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Family  Struthiolariidae

Ostrich foot snails



The family Struthiolariidae is a small family of molluscs now restricted to the cool temperate waters of the southern hemisphere. They have a long fossil history, particularly in the Antarctic. There are only five living species; two occur in New Zealand, one on South Georgia in the Southern Ocean, one on Kerguelen Island, also in the Southern Ocean, and one is restricted to NSW.

Struthiolariids live in the intertidal and shallow subtidal, where they bury in sand or mud. They are filter feeders, drawing in water and passing it over the gill to extract plankton, which is moved to the mouth by cilia in a mucous string. They may be recognised in their feeding position by a mound accompanied by two holes, for water inflow and outflow. The inlet hole is made by the feeding proboscis (there is no siphon) and the outflow hole is formed by a single tentacle which protrudes through the hole to make contact with the surface. The holes are lined with mucous to strengthen the sand.

Sexes are separate and fertilisation is internal. In the larger New Zealand species, Struthiolaria papulosa, the female has brood pouches in the mantle cavity where young develop, to be released into the plankton. For the single NSW species, Tylospira scultulata, the narrow distributional range suggests there is not a free-swimming stage, as is the case with the smaller New Zealand species, Pelicaria vermis.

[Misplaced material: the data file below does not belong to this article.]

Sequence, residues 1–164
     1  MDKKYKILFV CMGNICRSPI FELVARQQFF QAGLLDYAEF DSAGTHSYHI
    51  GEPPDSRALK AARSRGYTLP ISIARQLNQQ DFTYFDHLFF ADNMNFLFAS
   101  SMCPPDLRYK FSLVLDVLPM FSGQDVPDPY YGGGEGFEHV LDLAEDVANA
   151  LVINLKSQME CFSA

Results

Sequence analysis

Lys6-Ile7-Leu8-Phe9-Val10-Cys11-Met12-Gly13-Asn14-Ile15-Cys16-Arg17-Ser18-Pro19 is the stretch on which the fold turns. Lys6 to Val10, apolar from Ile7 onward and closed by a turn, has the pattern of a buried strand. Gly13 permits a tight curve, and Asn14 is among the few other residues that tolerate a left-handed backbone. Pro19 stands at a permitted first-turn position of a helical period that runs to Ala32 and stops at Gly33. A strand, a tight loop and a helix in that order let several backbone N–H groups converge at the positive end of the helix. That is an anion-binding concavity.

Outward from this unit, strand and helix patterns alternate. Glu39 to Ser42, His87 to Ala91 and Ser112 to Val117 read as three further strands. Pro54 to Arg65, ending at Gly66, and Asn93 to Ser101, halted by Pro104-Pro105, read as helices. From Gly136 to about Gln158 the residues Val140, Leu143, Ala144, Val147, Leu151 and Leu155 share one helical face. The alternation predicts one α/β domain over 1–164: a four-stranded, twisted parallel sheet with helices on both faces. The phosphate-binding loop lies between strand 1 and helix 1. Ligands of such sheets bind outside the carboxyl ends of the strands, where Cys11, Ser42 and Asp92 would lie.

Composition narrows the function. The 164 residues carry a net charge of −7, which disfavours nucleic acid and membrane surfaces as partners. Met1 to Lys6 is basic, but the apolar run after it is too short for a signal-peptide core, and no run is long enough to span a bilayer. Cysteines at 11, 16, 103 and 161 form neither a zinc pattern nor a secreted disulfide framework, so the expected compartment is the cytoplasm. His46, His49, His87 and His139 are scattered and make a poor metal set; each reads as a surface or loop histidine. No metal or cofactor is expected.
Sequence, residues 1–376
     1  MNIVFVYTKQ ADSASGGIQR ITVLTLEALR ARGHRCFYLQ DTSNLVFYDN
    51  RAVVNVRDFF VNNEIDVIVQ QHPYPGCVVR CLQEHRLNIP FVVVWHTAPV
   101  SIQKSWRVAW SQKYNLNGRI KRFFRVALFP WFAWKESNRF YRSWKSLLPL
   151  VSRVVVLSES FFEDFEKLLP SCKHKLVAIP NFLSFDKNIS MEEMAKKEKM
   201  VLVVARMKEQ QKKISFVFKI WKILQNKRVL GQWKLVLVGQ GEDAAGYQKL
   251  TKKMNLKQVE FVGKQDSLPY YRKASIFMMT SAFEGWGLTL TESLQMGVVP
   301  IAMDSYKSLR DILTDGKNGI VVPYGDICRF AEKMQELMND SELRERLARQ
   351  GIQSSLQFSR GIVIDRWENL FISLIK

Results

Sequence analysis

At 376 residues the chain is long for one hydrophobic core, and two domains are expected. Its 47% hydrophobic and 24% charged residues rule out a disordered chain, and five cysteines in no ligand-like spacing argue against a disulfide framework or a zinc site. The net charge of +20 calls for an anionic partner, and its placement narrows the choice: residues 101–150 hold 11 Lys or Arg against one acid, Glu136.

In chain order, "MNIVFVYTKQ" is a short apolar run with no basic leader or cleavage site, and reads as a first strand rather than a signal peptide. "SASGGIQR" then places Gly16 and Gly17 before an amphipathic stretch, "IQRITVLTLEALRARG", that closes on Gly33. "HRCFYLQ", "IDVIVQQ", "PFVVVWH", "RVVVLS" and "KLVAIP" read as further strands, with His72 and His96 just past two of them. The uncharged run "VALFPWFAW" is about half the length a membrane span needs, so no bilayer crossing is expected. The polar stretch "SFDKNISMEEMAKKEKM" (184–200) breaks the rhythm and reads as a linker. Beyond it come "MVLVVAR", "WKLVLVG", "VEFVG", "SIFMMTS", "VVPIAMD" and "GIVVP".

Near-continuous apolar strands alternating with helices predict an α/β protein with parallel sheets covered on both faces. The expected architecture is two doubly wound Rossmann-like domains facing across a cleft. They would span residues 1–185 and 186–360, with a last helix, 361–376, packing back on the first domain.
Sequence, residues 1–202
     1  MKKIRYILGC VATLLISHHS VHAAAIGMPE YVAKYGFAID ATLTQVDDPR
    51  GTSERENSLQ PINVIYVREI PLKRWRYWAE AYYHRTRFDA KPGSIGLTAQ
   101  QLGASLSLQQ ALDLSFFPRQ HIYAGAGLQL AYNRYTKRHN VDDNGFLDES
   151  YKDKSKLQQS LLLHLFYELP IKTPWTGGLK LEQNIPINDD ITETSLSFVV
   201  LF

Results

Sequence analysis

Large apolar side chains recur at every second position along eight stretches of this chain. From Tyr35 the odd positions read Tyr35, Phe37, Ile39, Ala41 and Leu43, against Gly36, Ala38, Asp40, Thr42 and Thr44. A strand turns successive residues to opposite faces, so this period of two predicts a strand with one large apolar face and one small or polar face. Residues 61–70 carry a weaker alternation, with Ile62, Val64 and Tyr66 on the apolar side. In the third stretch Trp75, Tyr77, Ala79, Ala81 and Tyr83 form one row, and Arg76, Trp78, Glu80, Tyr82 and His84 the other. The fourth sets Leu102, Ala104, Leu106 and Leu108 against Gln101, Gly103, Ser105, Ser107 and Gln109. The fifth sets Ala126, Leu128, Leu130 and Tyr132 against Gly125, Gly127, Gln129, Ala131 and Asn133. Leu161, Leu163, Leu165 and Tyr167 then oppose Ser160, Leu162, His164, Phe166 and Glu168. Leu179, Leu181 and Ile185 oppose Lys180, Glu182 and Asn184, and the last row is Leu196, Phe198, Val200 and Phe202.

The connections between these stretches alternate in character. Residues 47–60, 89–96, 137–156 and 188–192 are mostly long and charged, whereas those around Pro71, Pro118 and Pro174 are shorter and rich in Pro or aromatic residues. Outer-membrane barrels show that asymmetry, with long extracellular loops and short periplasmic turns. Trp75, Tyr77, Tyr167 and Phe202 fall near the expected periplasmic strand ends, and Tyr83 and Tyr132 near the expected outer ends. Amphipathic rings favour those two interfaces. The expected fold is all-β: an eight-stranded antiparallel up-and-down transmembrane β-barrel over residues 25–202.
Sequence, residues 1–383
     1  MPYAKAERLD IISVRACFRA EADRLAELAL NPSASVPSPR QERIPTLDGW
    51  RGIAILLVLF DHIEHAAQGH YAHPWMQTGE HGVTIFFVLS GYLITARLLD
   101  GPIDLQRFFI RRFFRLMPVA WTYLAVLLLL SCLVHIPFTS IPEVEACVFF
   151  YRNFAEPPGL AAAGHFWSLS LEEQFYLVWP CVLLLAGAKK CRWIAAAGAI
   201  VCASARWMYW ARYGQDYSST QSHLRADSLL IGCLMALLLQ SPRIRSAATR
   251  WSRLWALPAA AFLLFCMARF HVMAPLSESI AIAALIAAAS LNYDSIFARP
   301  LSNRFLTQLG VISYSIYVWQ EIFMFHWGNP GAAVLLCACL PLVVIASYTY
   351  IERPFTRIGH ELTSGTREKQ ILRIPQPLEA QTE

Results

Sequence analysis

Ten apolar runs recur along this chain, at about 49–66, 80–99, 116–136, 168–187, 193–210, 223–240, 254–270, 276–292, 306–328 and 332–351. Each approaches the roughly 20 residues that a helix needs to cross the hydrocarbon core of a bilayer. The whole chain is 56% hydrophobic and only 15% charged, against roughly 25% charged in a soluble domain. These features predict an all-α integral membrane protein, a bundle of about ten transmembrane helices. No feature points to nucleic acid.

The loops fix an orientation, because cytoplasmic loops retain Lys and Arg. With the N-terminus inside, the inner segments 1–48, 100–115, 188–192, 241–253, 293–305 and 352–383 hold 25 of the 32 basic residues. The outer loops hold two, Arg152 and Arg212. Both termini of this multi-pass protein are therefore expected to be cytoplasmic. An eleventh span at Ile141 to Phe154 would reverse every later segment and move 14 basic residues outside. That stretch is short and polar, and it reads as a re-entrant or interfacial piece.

The single species that occurs is NSW is restricted to eastern Australia, from Burleigh Heads, Queensland, to Twofold Bay, NSW.

Family Reference

The following reference describes the nine fossil and one living species in Australia:

Darragh, T. A. 1991. A revision of the Australian genus Tylospira Harris, 1897 (Gastropoda: Struthiolariidae). Alcheringa 15: 151-175.


The species described here is the only living NSW representative of the family.

Identification Notes

The glazed shell and unusual lip shape is sufficient to distinguish the only NSW representative of the family.

Copyright Des Beechey 2007